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Eur J Oral Sci. 2006 Oct;114(5):396-402.

Predictors of recall assignment decisions by general dental practitioners performing routine oral examinations.

Author information

1
Radboud University Nijmegen Medical Center, Department of Preventive and Restorative Dentistry, College of Oral Sciences, Nijmegen, the Netherlands. d.mettes@dent.umcn.nl

Abstract

The aim of this study was to explore the decision-making behavior of general dental practitioners (GDPs) in performing routine oral examinations (ROEs). Change over time was studied by comparing data from a cohort sample of participants in two surveys in 2000 and 2005. A written questionnaire was sent to 809 dentists (509 responses were obtained) and 475 (61%) were used for analysis. Of the respondents, 347 also participated in the survey in 2000. The mean number of diagnostic ROE items per ROE was 6.9 (standard deviation = 1.7). Groups of GDPs were distinguished based on their answer to the question 'Do you apply for all patients a fixed recall interval between two successive ROEs?' and four personal profiles. Of the GDPs, 38.5% (n = 183) assigned fixed recall intervals (Fxs) for all patients. Individual recall intervals (Ivs) were applied by 61.5% (n = 292) of GDPs, depending on specific selected patient characteristics and risk factors. Logistic regression showed that GDPs applying Fxs also used fixed periods between successive bitewing radiographs. Furthermore, GDPs applying Ivs conducted more frequent periodontal screening and, in the event of periodontal problems, were more inclined to prescribe radiographs. Over a 5 yr period, a shift towards Ivs assignment (from 49% in 2000 to 61.5% in 2005) was found. Differences in assigned recall intervals (Fxs/Ivs) by GDPs are determined by three clinical ROE predictors and two GDP profiles. A shift towards a more individual assessment was found between 2000 and 2005 in the way that Dutch GDPs are dealing with the assignment of recall interval frequency.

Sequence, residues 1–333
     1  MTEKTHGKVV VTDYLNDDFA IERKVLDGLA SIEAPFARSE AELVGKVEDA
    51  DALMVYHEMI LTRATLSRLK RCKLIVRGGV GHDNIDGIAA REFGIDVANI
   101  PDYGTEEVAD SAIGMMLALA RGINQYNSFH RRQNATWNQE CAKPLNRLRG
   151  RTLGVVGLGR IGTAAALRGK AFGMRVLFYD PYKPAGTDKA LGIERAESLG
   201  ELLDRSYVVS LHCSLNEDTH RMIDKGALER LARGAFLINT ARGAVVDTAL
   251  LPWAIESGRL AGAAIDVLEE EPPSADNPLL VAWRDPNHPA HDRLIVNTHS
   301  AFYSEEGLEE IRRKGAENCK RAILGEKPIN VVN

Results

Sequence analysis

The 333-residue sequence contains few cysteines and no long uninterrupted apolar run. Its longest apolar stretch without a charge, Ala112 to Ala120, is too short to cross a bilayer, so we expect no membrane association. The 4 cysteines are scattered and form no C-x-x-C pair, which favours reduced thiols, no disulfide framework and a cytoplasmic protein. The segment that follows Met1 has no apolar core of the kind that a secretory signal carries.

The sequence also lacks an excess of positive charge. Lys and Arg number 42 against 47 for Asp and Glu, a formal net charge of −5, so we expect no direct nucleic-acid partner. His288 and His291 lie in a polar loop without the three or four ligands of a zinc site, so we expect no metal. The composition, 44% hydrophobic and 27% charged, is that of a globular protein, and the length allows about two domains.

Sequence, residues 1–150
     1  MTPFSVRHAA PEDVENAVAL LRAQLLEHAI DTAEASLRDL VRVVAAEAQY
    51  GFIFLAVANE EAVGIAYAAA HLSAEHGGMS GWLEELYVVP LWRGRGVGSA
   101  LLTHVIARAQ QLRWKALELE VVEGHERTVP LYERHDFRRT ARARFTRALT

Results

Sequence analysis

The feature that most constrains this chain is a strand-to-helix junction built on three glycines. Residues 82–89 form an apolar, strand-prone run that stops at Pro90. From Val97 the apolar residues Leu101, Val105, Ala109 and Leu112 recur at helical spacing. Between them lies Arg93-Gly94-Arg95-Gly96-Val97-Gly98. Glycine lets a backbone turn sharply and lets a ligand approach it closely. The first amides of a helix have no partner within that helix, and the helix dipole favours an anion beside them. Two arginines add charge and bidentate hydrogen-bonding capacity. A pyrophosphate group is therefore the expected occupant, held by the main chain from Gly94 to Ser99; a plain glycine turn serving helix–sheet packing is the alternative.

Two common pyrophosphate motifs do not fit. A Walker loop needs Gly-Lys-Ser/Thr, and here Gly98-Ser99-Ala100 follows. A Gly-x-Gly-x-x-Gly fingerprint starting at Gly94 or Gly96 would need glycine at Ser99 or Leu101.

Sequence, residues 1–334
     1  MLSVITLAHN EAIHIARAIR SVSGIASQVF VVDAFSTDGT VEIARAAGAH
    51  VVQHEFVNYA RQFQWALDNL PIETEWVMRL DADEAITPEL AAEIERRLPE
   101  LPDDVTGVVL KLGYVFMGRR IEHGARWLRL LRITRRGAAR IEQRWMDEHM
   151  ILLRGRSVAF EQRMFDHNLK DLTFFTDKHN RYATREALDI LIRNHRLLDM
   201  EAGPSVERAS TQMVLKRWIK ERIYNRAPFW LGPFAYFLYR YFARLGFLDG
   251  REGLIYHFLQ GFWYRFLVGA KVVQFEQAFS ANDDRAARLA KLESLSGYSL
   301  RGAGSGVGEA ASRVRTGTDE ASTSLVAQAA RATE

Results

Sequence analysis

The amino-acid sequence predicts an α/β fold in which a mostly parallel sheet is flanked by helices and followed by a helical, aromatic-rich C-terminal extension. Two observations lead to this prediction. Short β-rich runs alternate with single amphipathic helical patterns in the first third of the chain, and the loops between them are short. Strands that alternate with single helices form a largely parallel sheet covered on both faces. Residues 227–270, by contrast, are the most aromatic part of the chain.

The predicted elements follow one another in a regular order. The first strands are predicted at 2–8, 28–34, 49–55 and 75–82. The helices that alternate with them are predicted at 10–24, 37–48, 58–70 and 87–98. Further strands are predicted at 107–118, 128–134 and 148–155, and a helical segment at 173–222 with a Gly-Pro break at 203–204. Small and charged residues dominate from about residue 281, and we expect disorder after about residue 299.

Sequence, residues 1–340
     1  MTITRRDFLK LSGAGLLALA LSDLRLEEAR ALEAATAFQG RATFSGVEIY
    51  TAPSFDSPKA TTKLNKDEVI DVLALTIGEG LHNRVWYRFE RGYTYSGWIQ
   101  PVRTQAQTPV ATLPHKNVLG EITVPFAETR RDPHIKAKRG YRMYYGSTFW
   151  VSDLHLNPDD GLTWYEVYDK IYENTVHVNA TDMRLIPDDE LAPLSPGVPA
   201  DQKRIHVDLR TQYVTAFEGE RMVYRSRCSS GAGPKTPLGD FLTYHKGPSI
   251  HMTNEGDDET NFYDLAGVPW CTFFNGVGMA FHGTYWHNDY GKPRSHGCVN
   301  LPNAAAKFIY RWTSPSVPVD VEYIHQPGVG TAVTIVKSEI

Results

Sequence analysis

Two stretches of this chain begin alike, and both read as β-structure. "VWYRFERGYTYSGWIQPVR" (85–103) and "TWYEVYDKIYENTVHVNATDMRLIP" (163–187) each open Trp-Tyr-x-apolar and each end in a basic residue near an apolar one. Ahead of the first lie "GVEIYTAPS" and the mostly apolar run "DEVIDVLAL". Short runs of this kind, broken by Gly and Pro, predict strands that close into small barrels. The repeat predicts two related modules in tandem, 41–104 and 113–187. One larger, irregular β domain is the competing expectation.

[Indexed for MEDLINE]

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